Posts Tagged ‘Richard Perrin’

Wot I Think: Journal

By John Walker on February 19th, 2014.

In 2011/12, Richard Perrin and his Locked Door Puzzle studio brought us the enigmatic and fascinating Kairo. Journal is utterly dissimilar – a minimalist adventure game about teenage life and loss, driven by conversation choices rather than puzzles or inventories. As RPS’s oldest teenager, here’s wot I think:

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Wot I Think: Experiment 12

By Nathan Grayson on July 29th, 2013.

Terry Cavanagh. Jasper Byrne. Ian Snyder. Jack King-Spooner. Richard Perrin. Zaratustra. Michael Brough. Robert Yang. Alan Hazelden. Benn Powell. Jake Clover. TheBlackMask.

You have probably played games by all of these people. VVVVVV might ring a bell. Maybe Lone Survivor or Kairo. Or, if you’re really, really cool, Blues For Mittavinda. Etc, etc, etc. You get the idea. But now they’ve all congealed into a hivemind and made one giant, multi-stage/setting/genre melting pot of madness. Each developer had three days to make a contribution, and then the next creator picked up where the previous left off. Experiment 12 is insane. Experiment 12 is inconsistent. Experiment 12 is beautiful.

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How The Death Of Richard Perrin’s Father Led To Journal

By Nathan Grayson on July 18th, 2013.

Journal is the latest game from Richard Perrin, creator of brilliant abstract puzzle/madness-fest Kairo. It’s also absolutely nothing like Kairo – at least, on a surface level. Journal is the story of a young girl lost in a temple of trials that’s perhaps even more desolately lonely than Kairo’s cavernous halls: growing up. It’s an adventure about human relationships, but even with that in mind, Perrin’s main inspiration for it is anything but expected. Last year, he lost his father. The week Kairo launched, his world fell apart.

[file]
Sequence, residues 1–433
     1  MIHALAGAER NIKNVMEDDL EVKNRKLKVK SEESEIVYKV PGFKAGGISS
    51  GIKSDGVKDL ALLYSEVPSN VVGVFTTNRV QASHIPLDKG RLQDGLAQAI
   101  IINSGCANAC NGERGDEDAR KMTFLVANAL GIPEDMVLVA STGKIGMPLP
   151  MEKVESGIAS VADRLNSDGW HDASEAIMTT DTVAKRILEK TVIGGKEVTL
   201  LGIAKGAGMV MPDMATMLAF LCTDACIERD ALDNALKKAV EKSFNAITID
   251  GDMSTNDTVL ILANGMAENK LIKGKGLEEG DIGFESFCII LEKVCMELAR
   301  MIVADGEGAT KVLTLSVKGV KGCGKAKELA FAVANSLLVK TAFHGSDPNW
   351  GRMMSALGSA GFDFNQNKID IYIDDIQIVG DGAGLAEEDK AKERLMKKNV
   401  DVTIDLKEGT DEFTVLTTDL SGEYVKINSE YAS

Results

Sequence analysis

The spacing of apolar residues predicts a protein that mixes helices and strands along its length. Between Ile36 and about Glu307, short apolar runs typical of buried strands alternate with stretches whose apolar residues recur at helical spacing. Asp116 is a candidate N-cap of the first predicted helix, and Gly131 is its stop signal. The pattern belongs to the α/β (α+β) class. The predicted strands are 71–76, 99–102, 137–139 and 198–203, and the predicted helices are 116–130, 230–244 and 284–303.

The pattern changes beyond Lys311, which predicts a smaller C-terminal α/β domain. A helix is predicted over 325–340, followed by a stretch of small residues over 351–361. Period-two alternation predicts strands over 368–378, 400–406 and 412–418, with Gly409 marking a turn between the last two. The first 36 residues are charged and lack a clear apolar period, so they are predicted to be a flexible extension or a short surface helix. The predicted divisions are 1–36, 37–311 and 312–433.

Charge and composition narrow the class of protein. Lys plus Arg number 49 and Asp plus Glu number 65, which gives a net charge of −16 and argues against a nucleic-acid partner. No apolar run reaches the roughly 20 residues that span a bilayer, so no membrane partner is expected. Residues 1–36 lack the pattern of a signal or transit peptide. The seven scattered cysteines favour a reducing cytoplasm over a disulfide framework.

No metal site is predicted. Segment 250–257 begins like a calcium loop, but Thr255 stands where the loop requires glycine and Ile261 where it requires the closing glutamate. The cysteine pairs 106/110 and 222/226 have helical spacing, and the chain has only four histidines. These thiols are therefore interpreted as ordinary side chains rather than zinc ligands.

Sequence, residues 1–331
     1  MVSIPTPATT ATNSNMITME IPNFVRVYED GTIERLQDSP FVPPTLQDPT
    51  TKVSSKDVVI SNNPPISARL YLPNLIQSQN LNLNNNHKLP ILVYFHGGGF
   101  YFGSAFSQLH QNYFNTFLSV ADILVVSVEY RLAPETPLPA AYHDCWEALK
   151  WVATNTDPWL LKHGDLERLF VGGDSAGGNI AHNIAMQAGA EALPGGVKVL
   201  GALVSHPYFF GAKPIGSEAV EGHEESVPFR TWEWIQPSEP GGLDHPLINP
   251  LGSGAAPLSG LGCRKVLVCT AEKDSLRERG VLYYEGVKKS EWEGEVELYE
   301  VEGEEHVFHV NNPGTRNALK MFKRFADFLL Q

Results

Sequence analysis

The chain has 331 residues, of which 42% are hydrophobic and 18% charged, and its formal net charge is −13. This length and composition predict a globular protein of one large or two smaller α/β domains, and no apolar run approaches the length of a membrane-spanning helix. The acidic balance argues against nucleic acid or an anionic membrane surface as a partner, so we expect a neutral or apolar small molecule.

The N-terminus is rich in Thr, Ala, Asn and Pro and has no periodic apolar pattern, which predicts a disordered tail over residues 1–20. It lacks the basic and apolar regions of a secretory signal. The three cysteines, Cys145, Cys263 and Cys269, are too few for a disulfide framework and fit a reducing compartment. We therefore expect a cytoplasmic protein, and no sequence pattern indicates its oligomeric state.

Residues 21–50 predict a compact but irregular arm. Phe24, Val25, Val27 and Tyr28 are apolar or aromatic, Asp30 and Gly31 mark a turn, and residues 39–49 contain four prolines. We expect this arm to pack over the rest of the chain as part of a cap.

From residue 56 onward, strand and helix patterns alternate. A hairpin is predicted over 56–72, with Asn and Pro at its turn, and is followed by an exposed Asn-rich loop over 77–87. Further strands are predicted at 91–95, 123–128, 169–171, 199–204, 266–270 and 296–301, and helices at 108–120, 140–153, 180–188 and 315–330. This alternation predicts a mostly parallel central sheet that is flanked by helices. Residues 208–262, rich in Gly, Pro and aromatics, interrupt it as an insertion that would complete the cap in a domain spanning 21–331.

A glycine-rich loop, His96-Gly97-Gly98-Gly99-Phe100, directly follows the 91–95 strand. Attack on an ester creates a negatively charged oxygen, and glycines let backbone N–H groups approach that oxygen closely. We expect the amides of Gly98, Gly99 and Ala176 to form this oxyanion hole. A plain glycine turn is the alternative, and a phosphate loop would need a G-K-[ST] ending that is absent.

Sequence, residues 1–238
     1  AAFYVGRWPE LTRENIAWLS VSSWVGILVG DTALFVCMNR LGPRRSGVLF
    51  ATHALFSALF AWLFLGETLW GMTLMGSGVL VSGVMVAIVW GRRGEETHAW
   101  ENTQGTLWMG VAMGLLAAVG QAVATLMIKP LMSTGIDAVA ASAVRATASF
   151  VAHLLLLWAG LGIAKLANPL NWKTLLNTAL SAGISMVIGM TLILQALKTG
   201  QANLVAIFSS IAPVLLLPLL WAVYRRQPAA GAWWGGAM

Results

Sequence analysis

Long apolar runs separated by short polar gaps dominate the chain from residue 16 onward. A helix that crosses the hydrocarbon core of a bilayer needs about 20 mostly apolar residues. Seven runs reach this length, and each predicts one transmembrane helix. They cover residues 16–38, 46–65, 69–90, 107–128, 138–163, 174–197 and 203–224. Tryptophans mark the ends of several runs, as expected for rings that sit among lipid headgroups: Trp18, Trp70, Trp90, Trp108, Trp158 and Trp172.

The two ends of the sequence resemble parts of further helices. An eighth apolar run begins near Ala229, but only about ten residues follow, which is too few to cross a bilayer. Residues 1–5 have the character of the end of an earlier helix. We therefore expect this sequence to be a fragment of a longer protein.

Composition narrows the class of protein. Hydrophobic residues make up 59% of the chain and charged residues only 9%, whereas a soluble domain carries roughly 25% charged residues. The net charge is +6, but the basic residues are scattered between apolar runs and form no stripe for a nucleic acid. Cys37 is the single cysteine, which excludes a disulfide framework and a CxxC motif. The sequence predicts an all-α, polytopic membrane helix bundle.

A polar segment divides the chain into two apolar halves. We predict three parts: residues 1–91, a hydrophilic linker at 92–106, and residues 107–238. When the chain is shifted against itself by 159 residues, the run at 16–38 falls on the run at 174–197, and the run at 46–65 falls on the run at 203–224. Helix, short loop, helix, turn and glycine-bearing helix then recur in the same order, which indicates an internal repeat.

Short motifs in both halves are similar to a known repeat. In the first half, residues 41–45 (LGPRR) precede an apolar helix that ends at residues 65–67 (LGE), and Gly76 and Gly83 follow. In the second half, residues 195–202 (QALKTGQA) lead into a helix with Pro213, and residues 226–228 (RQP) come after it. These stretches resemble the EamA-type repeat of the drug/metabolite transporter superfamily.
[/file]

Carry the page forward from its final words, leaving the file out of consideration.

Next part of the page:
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Wot I Think: Kairo

By John Walker on April 23rd, 2013.

Richard Perrin’s atmospheric puzzle explorer Kairo reaches Steam tomorrow, so now seemed a good moment to give it a proper Wot I Think. So, er, here’s wot I think:

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Journal Is An Adventure About Relationships, Not Puzzles

By Nathan Grayson on April 6th, 2013.

I wonder if incidences of seasonal affective disorder are higher in a world where the sun is just a giant coffee stain.

Journal screams intrigue. Not physically, of course. That wouldn’t make for a particularly fun game and would also be existentially horrifying. It does, however, have quite a few tantalizing highlights nestled within its crisp, comfortingly musty pages. For one, Kairo creator¬†Richard Perrin’s on dev duty, but this time around, he’s eschewing gloriously abstract puzzles in favor of the most stultifying brain-bender of them all: human relationships. The adventure, whose story is being penned by¬†Melissa Royall, is about “the difficulties and responsibilities of childhood.” A game starring children who aren’t on a quest to save the world from whomever burned down their village and might be an allegory for the Christian incarnation of god? Will wonders never cease?